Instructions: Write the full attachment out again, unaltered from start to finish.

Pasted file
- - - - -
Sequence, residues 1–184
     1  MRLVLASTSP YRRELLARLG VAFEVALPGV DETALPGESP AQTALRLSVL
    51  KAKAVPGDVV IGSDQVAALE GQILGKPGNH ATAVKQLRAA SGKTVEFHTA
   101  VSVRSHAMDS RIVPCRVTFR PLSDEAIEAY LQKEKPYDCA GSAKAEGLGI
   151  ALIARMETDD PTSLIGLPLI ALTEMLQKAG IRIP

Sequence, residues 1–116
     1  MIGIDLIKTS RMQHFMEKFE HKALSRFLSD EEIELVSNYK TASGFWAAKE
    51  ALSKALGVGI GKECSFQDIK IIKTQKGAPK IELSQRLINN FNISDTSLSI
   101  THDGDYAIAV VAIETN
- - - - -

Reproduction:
Sequence, residues 1–184
     1  MRLVLASTSP YRRELLARLG VAFEVALPGV DETALPGESP AQTALRLSVL
    51  KAKAVPGDVV IGSDQVAALE GQILGKPGNH ATAVKQLRAA SGKTVEFHTA
   101  VSVRSHAMDS RIVPCRVTFR PLSDEAIEAY LQKEKPYDCA GSAKAEGLGI
   151  ALIARMETDD PTSLIGLPLI ALTEMLQKAG IRIP

Sequence, residues 1–116
     1  MIGIDLIKTS RMQHFMEKFE HKALSRFLSD EEIELVSNYK TASGFWAAKE
    51  ALSKALGVGI GKECSFQDIK IIKTQKGAPK IELSQRLINN FNISDTSLSI
   101  THDGDYAIAV VAIETN